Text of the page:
I could hear birds squawking as we left the souk. Falcons are popular in Doha and represent the historic Qatari pastime of falconry. Our hotel, Shangri La has a resident falcon who is happy to pose for photographs with visitors. The Shangri-La hotel is a jewel in the crown of Doha’s expanding hotel offering. The large pool is surrounded by perfect gardens with the setting feeling more resort than city.
The interiors are stunning and the excellent Shangri-La service is evident in every area of the hotel. Several of Doha’s best restaurants are situated in the hotel. The multi-award winning Shanghai Club is usually fully booked weeks in advance. We were slightly sceptical of eating in Santorini – the hotel’s Greek themed restaurant. I shouldn’t have let my brain be distorted by the cultural mismatch. The food and wine was excellent and the restaurant is beautiful. The manager had brought back several Greek items from a recent trip to help decorate the space. Shangri-La has two great bars as well as its Lobby Bar famous for afternoon tea: The Den and the Shanghai Club Bar – both bursting with atmosphere.
The CHI spa is another Shangri-La highlight. CHI is consistently the best spa offer from 5 star international chain hotels. The Doha outlet did not disappoint. Pure relaxation with a selection of treatments blending a unique selection of Asian and Arabic treatments based on authentic natural healing methods found in traditional well-being practices.
There is plenty to do in Doha including the usual sprawling Middle East shopping malls. New cultural centres and mini galleries are popping up throughout the region and the desert adventures of dune bashing and 4x4 safaris are on your doorstep.
The sun shines year round in this desert climate. The best time to go is during the winter months of November until March when temperatures are usually in the twenties, humidity is low and rainfall is rare.
Sandstorms are most likely to occur in spring. Summers are hot with temperatures sometimes reaching 50C with 80 per cent humidity but air-conditioning makes these months tolerable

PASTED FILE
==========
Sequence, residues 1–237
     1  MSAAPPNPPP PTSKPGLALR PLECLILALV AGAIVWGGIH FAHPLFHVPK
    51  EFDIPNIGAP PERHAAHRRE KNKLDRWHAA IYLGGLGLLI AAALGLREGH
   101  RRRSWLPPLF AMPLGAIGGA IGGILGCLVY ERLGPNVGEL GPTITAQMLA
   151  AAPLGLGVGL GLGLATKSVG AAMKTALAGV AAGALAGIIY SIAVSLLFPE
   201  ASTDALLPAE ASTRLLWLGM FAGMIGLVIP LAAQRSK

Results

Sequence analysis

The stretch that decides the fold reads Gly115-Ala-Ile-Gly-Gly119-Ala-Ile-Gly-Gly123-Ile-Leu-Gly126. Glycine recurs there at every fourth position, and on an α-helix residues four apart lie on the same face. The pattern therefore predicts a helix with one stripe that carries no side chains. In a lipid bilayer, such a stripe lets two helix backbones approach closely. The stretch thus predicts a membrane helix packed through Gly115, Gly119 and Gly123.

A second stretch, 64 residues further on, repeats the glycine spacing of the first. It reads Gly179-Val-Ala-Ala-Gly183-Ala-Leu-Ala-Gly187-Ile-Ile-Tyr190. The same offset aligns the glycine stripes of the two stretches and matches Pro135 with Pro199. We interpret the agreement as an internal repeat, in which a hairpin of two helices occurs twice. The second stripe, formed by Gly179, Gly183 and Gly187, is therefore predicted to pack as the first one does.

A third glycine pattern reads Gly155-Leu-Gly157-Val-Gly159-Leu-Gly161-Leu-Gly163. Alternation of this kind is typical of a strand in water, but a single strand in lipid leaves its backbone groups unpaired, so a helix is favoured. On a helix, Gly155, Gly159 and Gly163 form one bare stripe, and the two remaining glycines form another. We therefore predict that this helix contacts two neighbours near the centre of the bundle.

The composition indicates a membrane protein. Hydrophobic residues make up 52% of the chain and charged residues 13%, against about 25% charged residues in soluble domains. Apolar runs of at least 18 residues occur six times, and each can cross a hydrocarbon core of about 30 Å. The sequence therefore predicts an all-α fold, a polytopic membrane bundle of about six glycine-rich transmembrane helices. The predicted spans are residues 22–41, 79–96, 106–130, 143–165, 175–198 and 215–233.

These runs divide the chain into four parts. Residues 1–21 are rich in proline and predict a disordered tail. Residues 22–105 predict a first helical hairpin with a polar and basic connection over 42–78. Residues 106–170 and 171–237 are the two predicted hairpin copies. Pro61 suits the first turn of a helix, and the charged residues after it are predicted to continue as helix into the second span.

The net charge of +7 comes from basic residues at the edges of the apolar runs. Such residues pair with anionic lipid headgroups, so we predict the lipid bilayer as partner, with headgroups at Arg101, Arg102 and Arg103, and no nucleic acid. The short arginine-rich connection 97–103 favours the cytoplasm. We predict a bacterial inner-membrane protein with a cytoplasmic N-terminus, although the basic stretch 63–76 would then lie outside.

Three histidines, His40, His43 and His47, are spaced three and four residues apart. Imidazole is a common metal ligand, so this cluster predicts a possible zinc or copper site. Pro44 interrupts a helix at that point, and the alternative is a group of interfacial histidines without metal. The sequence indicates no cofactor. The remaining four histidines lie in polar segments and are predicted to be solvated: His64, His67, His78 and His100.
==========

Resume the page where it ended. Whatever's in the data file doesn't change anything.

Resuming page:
For a short winter break Doha has a lot to offer. Even spending a few hours in the airport is an enjoyable experience with more great shopping and the best airport kids playground I’ve seen. I couldn’t quite work out the significance of the 23-foot canary yellow bronze teddy bear with his head in a lamp but it provoked happy faces from children and adults alike.
Flying Qatar Airways became part of the holiday rather just than a means to get there. The A380 was impressive and their flights are full of friendly service crew. There were more staff than I’ve seen on other flights and they were missing the pained face of indifference that’s rapidly spreading across crews of other airlines these days.
In June 2017, Egypt, Saudi Arabia, United Arab Emirates, Bahrain, Yemen and Libya cut diplomatic ties with Qatar but it has not affected European travel to the region or Doha’s plans for the 2022 FIFA World Cup.
The rapidly expanding Qatar Airways has won the World’s Best airline Award for the last four years including 2017. Many are familiar with using Doha as a quick stopover on business or travel but now the offer of a tree transit visa has made staying for a few days more financially attractive.
No wonder Qatar is welcoming more European visitors and has experienced the highest year on year growth from the region at over 17%.
Doha’s dream of becoming the pearl of the Middle East, polished and perfectly formed, is within reach.
Shangri-La Doha: www.shangrila.com/doha
Direct flights with Qatar Airways: www.qatarairways.com
Museum of Islamic Art: www.mia.org.qa
Museum of Islamic Art: www. Mia.org.qa/e